Undoubtedly, reading history from a personal perspective gives a more profound dimension to historical events and also gives satisfactory explanations for matters that have remained ambiguous for long periods. Indeed, this biography gives a clear answer about how the brotherhood and other fanatical and terrorist groups rose in the Egyptian political scene and captured the minds of simple people despite being a banned group on the official level for their litany of crimes of terrorism that targeted great symbols in this society, including international Nobel Prize-winning writer Naguib Mahfouz.
The lax policies that promote half-solutions, compromises, and political deals are the reason for creating fertile ground for the growth and spread of these groups. This is how Salmawy’s biography answers this ambiguous question simply and with a deep understanding of Egyptian political reality at that period.
Salmawy says: “The ambiguous policy of President Mubarak’s regime towards religious extremism — which led to the spread of the phenomenon of terrorism in an unprecedented way — was a policy inherited from the era of Al-Sadat. On the one hand, Al-Sadat’s government fought political Islam — whether it was extremist or otherwise — and prohibited Islamists from interfering in politics, and on the other hand, it left the field completely open to religious advocacy activity for the same groups, not only in mosques and zawiyas (small places of worship), but also in various official media outlets, until preachers became TV stars with fans and followers. The thing that created a suitable ground for religious extremism was the governments fighting against it.”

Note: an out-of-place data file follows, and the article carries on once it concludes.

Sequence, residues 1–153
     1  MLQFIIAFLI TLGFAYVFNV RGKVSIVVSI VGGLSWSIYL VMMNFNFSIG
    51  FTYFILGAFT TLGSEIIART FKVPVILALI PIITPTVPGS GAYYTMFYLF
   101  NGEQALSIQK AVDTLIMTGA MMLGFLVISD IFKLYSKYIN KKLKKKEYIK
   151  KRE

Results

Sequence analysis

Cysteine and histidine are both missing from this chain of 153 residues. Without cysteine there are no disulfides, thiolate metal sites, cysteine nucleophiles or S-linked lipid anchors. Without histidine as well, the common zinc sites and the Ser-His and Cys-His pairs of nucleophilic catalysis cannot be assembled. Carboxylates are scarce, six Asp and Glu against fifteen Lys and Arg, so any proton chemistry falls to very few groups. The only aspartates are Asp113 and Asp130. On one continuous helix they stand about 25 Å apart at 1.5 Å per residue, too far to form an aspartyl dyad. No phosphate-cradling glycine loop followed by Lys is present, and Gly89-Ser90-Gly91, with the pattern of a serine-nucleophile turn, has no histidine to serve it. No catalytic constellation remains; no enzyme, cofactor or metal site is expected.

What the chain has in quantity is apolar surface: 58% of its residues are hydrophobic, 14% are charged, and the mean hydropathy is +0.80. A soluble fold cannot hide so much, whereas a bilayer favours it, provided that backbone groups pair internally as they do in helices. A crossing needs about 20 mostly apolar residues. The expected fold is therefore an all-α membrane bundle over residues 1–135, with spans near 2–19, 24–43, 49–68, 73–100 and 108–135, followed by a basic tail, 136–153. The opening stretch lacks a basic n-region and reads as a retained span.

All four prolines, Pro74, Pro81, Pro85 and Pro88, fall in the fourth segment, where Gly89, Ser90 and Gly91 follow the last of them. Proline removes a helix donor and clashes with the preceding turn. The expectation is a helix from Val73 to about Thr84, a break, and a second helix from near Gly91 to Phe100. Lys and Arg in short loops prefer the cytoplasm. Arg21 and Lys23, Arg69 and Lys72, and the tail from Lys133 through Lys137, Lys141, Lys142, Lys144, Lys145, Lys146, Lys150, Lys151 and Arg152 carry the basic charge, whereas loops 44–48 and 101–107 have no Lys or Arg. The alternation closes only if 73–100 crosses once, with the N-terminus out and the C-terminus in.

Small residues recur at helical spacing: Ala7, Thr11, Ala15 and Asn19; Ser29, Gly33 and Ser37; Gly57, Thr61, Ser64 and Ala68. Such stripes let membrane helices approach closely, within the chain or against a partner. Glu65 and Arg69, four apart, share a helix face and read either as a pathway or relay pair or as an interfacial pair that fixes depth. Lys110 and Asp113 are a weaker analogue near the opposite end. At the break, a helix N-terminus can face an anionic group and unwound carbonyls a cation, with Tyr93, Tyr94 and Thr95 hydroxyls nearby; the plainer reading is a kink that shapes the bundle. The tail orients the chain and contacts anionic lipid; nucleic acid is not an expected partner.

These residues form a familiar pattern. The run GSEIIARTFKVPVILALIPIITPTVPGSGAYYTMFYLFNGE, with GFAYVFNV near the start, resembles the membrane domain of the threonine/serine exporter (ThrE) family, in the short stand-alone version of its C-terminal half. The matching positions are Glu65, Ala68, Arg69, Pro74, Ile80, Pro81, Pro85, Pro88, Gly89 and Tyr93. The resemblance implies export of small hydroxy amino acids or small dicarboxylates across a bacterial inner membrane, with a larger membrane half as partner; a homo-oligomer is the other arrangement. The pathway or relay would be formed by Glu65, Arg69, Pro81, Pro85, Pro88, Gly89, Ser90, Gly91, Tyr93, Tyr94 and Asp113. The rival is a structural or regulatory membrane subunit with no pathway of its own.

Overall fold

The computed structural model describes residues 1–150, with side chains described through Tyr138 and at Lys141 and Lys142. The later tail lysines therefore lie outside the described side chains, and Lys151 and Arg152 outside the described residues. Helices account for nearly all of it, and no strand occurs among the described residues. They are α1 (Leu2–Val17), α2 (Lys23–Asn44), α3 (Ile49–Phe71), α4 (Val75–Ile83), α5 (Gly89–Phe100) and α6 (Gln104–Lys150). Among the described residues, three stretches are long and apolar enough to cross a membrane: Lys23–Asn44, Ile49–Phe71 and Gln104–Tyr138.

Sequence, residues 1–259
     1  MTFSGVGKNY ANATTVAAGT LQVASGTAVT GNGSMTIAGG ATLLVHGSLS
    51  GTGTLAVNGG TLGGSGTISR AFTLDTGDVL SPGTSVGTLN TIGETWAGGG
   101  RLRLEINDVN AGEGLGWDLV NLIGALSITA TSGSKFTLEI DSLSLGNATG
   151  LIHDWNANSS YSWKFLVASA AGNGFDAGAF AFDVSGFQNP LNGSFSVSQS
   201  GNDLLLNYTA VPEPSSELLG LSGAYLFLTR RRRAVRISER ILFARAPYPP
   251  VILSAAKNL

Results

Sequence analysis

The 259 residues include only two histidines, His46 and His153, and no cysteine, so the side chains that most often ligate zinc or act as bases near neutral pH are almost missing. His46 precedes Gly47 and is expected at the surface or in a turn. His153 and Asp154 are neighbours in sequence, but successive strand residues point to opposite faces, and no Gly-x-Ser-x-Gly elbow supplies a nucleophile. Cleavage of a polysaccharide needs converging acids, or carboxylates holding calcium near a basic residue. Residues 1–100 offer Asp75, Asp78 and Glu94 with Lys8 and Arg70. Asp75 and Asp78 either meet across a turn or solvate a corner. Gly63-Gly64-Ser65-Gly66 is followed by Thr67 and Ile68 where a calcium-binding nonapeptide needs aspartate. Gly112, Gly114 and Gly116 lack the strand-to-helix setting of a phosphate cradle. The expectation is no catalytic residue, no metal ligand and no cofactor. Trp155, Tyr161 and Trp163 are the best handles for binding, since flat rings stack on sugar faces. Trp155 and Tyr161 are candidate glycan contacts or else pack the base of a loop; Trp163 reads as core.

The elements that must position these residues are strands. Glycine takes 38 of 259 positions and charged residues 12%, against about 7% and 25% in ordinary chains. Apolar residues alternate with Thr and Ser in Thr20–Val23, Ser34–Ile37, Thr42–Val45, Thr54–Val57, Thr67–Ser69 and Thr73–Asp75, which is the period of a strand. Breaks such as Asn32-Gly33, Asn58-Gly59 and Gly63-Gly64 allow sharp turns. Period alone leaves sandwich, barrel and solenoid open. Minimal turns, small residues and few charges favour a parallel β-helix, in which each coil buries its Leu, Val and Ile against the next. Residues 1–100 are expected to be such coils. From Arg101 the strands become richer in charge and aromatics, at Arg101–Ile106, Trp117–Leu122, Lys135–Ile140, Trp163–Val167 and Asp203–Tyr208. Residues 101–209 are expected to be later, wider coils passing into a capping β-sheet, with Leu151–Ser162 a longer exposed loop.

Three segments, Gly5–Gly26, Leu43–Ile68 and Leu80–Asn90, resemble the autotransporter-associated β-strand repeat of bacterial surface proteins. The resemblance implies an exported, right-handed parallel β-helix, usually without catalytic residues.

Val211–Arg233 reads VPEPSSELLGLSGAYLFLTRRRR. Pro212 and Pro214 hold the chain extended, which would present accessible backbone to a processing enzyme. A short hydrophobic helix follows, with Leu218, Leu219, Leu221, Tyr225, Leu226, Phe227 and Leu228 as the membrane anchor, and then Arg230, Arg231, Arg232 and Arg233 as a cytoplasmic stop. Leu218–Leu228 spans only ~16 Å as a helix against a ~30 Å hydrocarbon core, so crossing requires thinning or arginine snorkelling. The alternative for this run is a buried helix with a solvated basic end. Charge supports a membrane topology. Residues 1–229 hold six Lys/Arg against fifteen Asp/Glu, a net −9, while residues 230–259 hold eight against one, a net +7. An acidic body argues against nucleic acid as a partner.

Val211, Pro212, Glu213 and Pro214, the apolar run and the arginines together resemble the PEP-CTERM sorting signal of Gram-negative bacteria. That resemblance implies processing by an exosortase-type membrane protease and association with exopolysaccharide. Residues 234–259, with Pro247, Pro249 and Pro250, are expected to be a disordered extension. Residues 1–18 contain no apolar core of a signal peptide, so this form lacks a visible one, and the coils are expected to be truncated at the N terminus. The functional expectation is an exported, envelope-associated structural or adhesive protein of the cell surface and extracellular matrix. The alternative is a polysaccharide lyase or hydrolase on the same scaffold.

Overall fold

The book also reveals the role played by the Obama administration and the US in supporting this terrorist group to reach the rule of Egypt through the visit of John Kerry, the chairman of the Foreign Relations Committee of the US Senate at the time, to the office of the Muslim Brotherhood in Cairo to urge them to run in the presidential elections, and American funding obtained by the Brotherhood as well as the efforts of former ambassador Anne Patterson to support and encourage the rule of the Muslim Brotherhood.
The book also reveals the project of settling Palestinians in Sinai, which the US supported and backed the Muslim Brotherhood’s government in its implementation, which was revealed by Palestinian President Mahmoud Abbas in a private meeting between him and Salmawy during the rule of ousted president Mohamed Morsi and the Brotherhood.
Salmawy’s biography is more than just personal memoirs. Indeed, it is a key historical reference for very critical periods in the history of Egypt. It is worth translating into many languages for the world to read and grasp modern Egyptian history from the perspective of an honest patriotic writer who struggled desperately to rid Egypt of this obscurantist thought and is considered one of Egypt’s cultural symbols.
Marwa Al-Shinawy: Assistant Prof. at International American University for Specialised Studies (IAUS)